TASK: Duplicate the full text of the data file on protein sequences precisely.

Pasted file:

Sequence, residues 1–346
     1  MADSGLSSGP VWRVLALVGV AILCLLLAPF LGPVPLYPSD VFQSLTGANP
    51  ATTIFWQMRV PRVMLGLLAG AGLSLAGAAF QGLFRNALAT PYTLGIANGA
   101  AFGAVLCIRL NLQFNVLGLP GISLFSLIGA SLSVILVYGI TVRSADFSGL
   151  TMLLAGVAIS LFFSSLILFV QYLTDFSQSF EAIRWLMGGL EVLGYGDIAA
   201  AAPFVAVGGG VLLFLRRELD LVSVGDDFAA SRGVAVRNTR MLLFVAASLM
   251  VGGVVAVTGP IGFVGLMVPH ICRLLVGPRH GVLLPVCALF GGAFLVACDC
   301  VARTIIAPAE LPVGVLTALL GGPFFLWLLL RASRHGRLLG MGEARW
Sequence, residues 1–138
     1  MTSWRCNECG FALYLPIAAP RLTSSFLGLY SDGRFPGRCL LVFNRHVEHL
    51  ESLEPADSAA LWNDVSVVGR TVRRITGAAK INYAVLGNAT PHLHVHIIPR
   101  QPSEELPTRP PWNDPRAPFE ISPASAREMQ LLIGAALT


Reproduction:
Sequence, residues 1–346
     1  MADSGLSSGP VWRVLALVGV AILCLLLAPF LGPVPLYPSD VFQSLTGANP
    51  ATTIFWQMRV PRVMLGLLAG AGLSLAGAAF QGLFRNALAT PYTLGIANGA
   101  AFGAVLCIRL NLQFNVLGLP GISLFSLIGA SLSVILVYGI TVRSADFSGL
   151  TMLLAGVAIS LFFSSLILFV QYLTDFSQSF EAIRWLMGGL EVLGYGDIAA
   201  AAPFVAVGGG VLLFLRRELD LVSVGDDFAA SRGVAVRNTR MLLFVAASLM
   251  VGGVVAVTGP IGFVGLMVPH ICRLLVGPRH GVLLPVCALF GGAFLVACDC
   301  VARTIIAPAE LPVGVLTALL GGPFFLWLLL RASRHGRLLG MGEARW
Sequence, residues 1–138
     1  MTSWRCNECG FALYLPIAAP RLTSSFLGLY SDGRFPGRCL LVFNRHVEHL
    51  ESLEPADSAA LWNDVSVVGR TVRRITGAAK INYAVLGNAT PHLHVHIIPR
   101  QPSEELPTRP PWNDPRAPFE ISPASAREMQ LLIGAALT